Construction work zones are a necessary travel complication if we are to build and maintain safe roads. Summer is prime time for road construction and repairs. Even with proper warning signs to direct traffic flow, road construction work zones are a safety hazard for workers and travelers alike.

The men and women who make a living in roadway construction are vulnerable to cars and trucks that do not slow down in work zones and drivers who are not alert or are distracted by changing traffic patterns. Road workers often work in close proximity to passing vehicles, but cannot watch for traffic. They are busy with tasks that often carry their own risk of injury.  They have to assume drivers (and their co-workers) are watching out for them.

Numerous accidents occur in road construction work zone accidents every week. Kentucky’s most recent car accident statistics show 727 accidents in construction work zones and maintenance / utility work zones in 2013. These collisions caused three deaths.

Nationwide, the Centers for Disease Control and Prevention says there was an average of 669 fatalities a year in construction and maintenance work zones from 2007 through 2012. The CDC breaks the numbers down by citing Bureau of Labor Statistics figures that say there were 133 worker fatalities at road construction sites in 2012, and 105 in 2013.

Motorists are most likely to be injured or killed in a work zone accident. In 2012, according to CDC and BLS figures, more than 78 percent of work zone fatalities were non-workers.

Raising awareness about highway work zone safety

The positive news is that the number of work zone fatalities has decreased in the United States every year since 2002, according to the FHA. The decline is attributed in part to the annual National Work Zone Awareness Week. This program has encouraged workers to make themselves safer through additional training and precautions such as wearing high-quality safety vests, ensuring proper operation of caution lights on work vehicles, and making sure that work zones are designed to function properly.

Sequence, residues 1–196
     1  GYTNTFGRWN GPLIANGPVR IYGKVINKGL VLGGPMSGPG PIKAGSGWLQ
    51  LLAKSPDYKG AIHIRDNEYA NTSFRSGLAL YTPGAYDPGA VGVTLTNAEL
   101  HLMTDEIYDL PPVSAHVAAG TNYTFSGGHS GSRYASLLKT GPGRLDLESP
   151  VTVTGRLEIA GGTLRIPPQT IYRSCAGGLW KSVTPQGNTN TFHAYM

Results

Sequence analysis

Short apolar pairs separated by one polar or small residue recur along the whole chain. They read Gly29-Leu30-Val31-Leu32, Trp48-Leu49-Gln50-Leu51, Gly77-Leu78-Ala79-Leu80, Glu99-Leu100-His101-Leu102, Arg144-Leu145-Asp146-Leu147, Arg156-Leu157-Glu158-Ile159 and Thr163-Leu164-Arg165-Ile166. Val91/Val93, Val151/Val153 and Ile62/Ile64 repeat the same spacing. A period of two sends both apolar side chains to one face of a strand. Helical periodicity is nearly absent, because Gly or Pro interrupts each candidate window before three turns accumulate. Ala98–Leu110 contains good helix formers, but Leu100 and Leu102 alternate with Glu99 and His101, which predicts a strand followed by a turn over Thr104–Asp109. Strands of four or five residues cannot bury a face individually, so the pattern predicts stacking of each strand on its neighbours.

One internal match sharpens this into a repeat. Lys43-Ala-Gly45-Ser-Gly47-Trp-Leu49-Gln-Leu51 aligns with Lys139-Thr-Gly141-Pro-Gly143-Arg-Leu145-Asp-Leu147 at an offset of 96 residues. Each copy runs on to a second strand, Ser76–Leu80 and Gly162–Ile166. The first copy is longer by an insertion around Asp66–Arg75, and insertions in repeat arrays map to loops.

The campaign has raised awareness of the dangers of traveling too fast for road conditions in work zones and encouraged drivers to slow down and drive more safely in work zones.

Driver-related factors that contribute to work zone crashes include speeding, distractions (such as cell phones, texting, and radios), inattentive driving, and aggressive driving, the FHA said in conjunction with the 2015 National Work Zone Awareness Week.

Driving in work zones requires motorists to be alert and to be prepared for sudden lane changes. Normal speed limits may be reduced. Traffic lanes may be closed, narrowed, or shifted. People may be working on or near the road.

In 2013, speeding was a factor in 23 percent of fatal work zone crashes, according to the FHA. The main type of work zone crash is a rear-end collision, and adequate following distance is important in avoiding such crashes.

Among highway construction workers, the leading cause of injuries and fatalities is contact with construction vehicles, objects, and equipment. Workers must also remain alert to avoid accidents.

Divers can avoid being involved in work zone accidents if they’ll:

  • Slow down
  • Obey road signs and road crew flaggers
  • Maintain a safe distance between their vehicles and other vehicles, workers and equipment.
  • Remain alert and avoid distractions.

Remember that you can plan ahead by going to www.511.ky.gov to check on traffic, road construction zones and other events where you plan to travel and, at the website, there’s an app for that, too.